ASYLUM seekers and refugees will no longer be housed in hotels in Barrow.

The Government has announced that Barrow's Imperial Hotel will stop accommodating people who fled countries including Afghanistan to find sanctuary in the town as authorities dealt with a backlog of asylum claims.

The hotel's contract for housing asylum seekers is due to be terminated with residents moved on to other accommodation.

It is also expected that Hotel Majestic will finish housing asylum seekers.

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In a letter to Barrow MP Simon Fell, legal migration minister Tom Pursglove said the move would happen before the end of April. 

Mr Pursglove said using hotels to house asylum seekers was a 'short-term measure to ensure that we meet our statutory obligation to accommodate asylum seekers who would otherwise be destitute during a period of unprecedented numbers of small boat arrivals'.

"Utilising hotels for asylum accommodation takes valuable assets away from communities,
places pressures on local public services and imposes an unacceptable cost on the British
taxpayer," he said.

"Through the improvements we have made to our system, we are now able to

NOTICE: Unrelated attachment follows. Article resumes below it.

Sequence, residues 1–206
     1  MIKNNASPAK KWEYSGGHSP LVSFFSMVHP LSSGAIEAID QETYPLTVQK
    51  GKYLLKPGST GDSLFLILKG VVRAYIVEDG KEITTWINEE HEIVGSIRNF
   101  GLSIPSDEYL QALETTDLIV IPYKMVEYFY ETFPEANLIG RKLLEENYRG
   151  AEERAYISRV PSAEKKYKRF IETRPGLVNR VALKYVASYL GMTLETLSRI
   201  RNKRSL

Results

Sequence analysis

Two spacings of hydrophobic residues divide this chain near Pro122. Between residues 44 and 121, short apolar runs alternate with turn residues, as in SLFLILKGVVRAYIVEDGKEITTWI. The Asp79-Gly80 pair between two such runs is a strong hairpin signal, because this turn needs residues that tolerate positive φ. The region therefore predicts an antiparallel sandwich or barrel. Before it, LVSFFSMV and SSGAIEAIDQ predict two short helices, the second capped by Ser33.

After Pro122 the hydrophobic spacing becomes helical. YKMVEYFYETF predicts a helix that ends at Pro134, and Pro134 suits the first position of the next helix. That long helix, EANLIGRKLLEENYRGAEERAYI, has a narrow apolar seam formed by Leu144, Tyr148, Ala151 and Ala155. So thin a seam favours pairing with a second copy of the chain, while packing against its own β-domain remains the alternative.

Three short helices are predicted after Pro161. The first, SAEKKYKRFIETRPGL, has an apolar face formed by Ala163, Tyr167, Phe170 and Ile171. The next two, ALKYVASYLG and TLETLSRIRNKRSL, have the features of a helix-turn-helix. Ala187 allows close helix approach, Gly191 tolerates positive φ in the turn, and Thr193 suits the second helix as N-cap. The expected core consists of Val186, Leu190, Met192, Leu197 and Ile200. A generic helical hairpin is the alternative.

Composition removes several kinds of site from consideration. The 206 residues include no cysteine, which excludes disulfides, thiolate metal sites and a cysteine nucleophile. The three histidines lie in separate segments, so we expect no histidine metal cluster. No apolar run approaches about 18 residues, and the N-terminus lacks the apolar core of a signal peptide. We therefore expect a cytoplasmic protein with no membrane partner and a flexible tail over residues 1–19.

begin the next phase of hotel exits and to stop the procurement of new asylum hotels."

Asylum seekers were first placed in the Barrow hotels in 2021 after the Taliban took charge in Afghanistan.

Reacting to the announcement, Mr Fell said: "It's a welcome step as we've seen considerable community tensions stirred up over recent months."

He also claimed closing hotels was 'testament to the fact that the Home Office has met its target to deal with the historic backlog and forged returns agreements and deterrents that have slashed small boat crossings'.

The minister said residents living at the hotel would move to other parts of the Government's asylum estate, which would provide 'more appropriate' accommodation.

"Residents currently accommodated in the hotel will be moving to other parts of our asylum
estate and we aim to complete all relocations in advance of the final closure date," Mr Pursglove said.

"Residents will be notified a minimum of five days in advance and moved by the Home Office
in line with our existing published policies.

"Whilst we expect impacts on local authorities to be minimal, we are putting in place additional resource to work with our accommodation providers and local partners to manage this process and minimise disruption, particularly focusing on families."